oa South African Medical Journal - Toxicovigilance II : a survey of the spectrum of acute poisoning and current practices in the initial management of poisoning cases admitted to South African hospitals : research

Volume 103, Issue 5
  • ISSN : 0256-9574
  • E-ISSN: 2078-5135



Initial management of acute poisoning in South African (SA) hospitals such as gastric decontamination and use of antidotes has not been evaluated relevant to current international guidelines.

The objective of this study was to conduct a toxicovigilance survey of SA hospital admissions to assess the spectrum of acute poisonings, current practices in gastric decontamination, and use of antidotes in the management of acute poisoning.
A survey was undertaken based on acute poisoning admissions to Tygerberg Academic Hospital (TAH) as well as hospital-based poisoning consultations with the Tygerberg Poison Information Centre (TPIC) over 1 year to investigate trends in admissions and the initial management of hospital admissions for acute poisoning. TAH admission details and TPIC consultation forms for hospital-based cases were analysed for patient demographics, causes of poisoning, gastric decontamination measures and use of antidotes.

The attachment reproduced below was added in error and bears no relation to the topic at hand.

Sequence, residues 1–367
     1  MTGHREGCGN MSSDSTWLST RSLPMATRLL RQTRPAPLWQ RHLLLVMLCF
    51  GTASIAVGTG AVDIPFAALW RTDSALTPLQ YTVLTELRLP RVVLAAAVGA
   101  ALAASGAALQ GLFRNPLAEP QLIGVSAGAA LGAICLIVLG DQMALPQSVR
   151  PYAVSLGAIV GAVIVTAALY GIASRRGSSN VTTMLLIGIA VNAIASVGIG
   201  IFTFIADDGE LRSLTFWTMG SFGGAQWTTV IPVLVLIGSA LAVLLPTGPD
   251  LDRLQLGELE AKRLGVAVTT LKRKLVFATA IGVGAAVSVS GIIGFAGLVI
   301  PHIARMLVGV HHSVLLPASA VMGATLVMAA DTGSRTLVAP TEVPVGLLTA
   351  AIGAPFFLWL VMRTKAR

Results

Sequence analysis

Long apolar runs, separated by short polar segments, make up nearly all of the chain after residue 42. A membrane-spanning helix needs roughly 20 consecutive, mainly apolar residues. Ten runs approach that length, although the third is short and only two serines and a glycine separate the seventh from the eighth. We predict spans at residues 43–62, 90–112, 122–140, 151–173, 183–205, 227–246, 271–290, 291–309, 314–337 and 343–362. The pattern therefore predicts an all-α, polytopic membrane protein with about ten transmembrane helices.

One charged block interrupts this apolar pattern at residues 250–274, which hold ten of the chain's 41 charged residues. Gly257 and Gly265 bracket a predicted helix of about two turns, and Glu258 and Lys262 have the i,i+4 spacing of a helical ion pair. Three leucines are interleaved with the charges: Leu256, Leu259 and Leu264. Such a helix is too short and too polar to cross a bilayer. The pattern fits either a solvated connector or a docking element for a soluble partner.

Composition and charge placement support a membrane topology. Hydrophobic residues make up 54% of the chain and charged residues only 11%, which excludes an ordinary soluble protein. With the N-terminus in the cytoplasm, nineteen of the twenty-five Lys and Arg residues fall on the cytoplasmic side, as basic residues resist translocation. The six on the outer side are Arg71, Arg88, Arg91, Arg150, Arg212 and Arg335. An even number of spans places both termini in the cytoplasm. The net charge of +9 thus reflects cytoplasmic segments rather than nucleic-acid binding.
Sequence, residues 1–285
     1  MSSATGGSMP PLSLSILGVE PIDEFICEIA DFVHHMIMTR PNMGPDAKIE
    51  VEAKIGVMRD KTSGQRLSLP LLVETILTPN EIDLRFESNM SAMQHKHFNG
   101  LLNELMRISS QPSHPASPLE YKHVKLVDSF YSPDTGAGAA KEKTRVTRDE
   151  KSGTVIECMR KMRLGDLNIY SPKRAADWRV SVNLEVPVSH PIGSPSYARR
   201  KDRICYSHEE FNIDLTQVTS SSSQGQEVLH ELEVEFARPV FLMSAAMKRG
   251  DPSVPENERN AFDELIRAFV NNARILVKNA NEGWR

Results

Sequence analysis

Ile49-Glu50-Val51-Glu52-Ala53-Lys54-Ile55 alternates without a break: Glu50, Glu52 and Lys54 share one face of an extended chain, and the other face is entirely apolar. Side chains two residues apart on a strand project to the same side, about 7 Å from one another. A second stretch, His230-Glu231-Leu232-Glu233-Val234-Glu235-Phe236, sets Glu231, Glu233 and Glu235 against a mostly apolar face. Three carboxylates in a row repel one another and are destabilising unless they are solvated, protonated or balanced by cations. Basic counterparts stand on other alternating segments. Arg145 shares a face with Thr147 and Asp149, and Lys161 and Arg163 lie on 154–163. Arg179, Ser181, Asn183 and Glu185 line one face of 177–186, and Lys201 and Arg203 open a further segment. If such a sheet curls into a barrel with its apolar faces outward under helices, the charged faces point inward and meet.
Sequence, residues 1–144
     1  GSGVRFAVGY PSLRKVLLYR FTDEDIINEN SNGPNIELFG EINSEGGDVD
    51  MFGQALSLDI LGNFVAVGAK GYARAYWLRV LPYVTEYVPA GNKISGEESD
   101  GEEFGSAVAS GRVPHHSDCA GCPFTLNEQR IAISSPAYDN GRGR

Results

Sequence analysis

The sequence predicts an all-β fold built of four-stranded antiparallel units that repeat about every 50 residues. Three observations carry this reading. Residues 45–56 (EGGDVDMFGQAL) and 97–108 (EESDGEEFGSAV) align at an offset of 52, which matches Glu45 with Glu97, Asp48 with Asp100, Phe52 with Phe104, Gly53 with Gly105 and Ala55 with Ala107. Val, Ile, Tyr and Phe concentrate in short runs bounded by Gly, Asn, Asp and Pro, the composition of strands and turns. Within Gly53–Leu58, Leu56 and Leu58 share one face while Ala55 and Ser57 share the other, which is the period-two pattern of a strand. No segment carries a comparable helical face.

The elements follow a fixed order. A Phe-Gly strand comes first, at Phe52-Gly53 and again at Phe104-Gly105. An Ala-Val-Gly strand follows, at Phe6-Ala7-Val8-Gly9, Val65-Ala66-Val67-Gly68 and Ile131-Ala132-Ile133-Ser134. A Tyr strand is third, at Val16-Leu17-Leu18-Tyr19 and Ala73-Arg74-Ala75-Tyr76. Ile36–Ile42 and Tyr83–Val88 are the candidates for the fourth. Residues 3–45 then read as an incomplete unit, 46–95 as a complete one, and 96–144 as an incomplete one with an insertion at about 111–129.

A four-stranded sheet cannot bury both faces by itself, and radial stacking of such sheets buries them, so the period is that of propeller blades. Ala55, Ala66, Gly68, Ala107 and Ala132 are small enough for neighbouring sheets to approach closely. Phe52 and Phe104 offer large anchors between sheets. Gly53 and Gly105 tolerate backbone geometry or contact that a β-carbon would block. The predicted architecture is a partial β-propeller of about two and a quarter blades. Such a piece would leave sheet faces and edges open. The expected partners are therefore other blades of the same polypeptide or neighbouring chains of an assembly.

There were 662 admissions to TAH and 2 459 hospital-based TPIC consultations. Paracetamol and cholinesterase inhibitors were the most common exposures in both studies. Gastric decontamination measures were employed at TAH in 47.7% of cases and in 5.3% of hospital cases reported to the TPIC. Of these, 67.4% in the TAH study and 26.1% in the TPIC study did not comply with international guidelines. N-acetylcysteine was administered inappropriately in 22.1% of the paracetamol poisoning cases at TAH and in 1.6% in the TPIC study. Atropine was administered unnecessarily in 12 of 30 TPIC cases.
This study has identified the need for directed training on gastric decontamination measures and use of antidotes and, combined with the previous study, has identified national trends in poisoning.

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